When God died, the official cause was elderly enfeeblement; after reading Frédéric Martel’s exposé of infamy in the Catholic church, I suspect that the old boy committed suicide in remorse, aghast at the crimes and un-Christian sins of organised religion.
Although Martel’s book is published just in time to spoil a pious conference on clerical paedophilia convened by the pope, the abuse of minors is not all that St Peter’s pharisaical heirs have to answer for. The Vatican combines a venality that the mafia might envy with a bigotry worthy of Steve Bannon (who not coincidentally was in Rome for last week’s gathering), and to this already foul mixture it adds an unctuous hypocrisy. The moral fraudulence of the church is Martel’s subject: having spent four years sleuthing in all corners of the Catholic world, he establishes that during the past few papacies the fieriest critics of homosexuality – the cardinals who regarded Aids as a divine judgment, condemned the distribution of condoms in Africa, called gender theory an abomination, and ignored peccadilloes like those of the Cuban priest who administered a special blessing to the penises of little boys – were themselves unabashedly gay.
Some of them cruised in Roman parks, claiming diplomatic immunity whenever they were bothered by the police; others used their smartphones to summon Arab hustlers. Many attended infernally red-lit orgies in the Vatican, with party drugs and strapping seminarians on tap, and quite a few rejoiced in drag-queen nicknames. One financially canny episcopal plutocrat added Rome’s busiest gay sauna to his bulging property portfolio. Martel includes a single incongruously heterosexual anecdote, about a prince of the church who died of a heart attack in Paris while having overenergetic sex with a prostitute called Mimi. Jesuitical spin doctors claimed he’d paid her a visit in the hope of persuading her to repent, which didn’t explain why he was naked when the ambulance arrived.
Is all this a symptom of bad faith, or perhaps of closeted self-disgust? No, it simply reveals the convenient duplicity of Catholicism: as André Gide put it, after the theologian Jacques Maritain failed to dissuade him from publishing his memoir of romps with Arab boys, “I hate lying. That’s where my Protestantism takes refuge. Catholics don’t like the truth.” The scale of the Vatican’s sanctimonious mendacity reminds Martel of the Third Reich, where the euphemisms and evasions of an entire society destroyed “the reality of a common world”.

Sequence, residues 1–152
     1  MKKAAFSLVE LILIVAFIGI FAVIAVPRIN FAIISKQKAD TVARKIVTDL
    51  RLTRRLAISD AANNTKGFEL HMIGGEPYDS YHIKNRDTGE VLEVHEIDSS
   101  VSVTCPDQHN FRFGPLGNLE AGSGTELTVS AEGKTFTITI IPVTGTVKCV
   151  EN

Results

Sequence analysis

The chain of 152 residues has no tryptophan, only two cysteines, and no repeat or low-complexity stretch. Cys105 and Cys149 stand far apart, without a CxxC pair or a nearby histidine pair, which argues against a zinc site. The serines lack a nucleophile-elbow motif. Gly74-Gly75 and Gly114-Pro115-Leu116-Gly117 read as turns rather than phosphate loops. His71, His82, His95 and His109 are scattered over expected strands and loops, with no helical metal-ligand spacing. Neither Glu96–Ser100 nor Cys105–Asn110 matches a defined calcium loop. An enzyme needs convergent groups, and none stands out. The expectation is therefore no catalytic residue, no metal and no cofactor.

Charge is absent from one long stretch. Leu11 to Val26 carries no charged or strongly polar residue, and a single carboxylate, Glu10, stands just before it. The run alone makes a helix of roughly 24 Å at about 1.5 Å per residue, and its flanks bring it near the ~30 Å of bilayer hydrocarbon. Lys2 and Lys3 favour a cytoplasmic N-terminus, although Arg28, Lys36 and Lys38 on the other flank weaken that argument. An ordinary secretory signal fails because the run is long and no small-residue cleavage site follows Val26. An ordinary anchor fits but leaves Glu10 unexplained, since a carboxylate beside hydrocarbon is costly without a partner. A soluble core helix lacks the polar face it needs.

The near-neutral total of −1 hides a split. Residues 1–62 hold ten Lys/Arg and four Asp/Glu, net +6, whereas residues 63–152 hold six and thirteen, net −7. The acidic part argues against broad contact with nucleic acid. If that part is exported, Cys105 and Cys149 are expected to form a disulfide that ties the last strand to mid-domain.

Visiting a cardinal who is “refined and well pomaded”, Martel is “submerged in a cloud of scent” when he makes a detour to the man’s bathroom and checks his medicine cabinet; inside the Vatican, his astute French nose detects expensive traces of “amber, violet, musk, champaca” when his perfumed interviewees waft towards him. But the prevailing odour in his book is sulphur, a metaphorical stink that alerts Martel to the presence of the devil.
He flinches when introduced to George Pell, the Australian cardinal recently found guilty of sexual abuse in Melbourne (he will be sentenced later this month), whose colleagues in the Vatican treasury called him “Pell Pot” in homage to the bloodthirsty Cambodian dictator Pol Pot. Martel manages not to feel frightened on this occasion, but is glad never to have encountered two Latin American priests who strike him as unequivocally “evil”. In Mexico, the “diabolical” Marcial Maciel amassed “insane levels of wealth” and indulged in systematic “sexual violence”, while of course exhibiting pious meekness on public occasions; in Colombia, López Trujillo – like Maciel, now defunct – connived at the murder of dozens of priests and bishops, who were eliminated by paramilitary brigades after he fingered them for their progressive opinions.
Among all this villainy, Martel has a sneaky fondness for Pope Benedict XVI, who railed against homosexuals while flouncing about in natty ermine-lined bonnets and lipstick-red Prada slippers. In one decadent episode, Benedict moons over his hunky chamberlain Georg Gänswein during the younger man’s consecration as an archbishop, caressing his Clooneyesque salt-and-pepper curls for all of 19 enraptured seconds. Despite such florid displays of an apparently platonic affection, Martel sees Benedict as a victim of wishful self-neutering. As Nietzsche remarked, “The saint pleasing to God is the ideal castrato”.
It’s a pity that Martel’s book is so preposterously long and lazily repetitive; lacking an index, it will be useless as a reference work. I also worry a little about its methods. Some highly placed informants are given the benefit of anonymity, and others are lured into confiding or confessing by the flirty signals Martel transmits. “He employs guile with me,” he says during a teasing duel with Pope John Paul II’s former secretary, “and I play with him.” Stray comments reveal a double standard. Thus he denounces Catholic potentates for the luxury in which they live, yet grimaces like a snooty interior decorator when he visits one residence: “The furniture is horrible, as it often is in the Vatican,” he sniffs. The tone falters because Martel seems unsure whether to be horrified by the church’s corruption or to let out a gasp of high-camp amazement at its excesses. Given the evidence that he has uncovered, I’d say that outrage is the better option.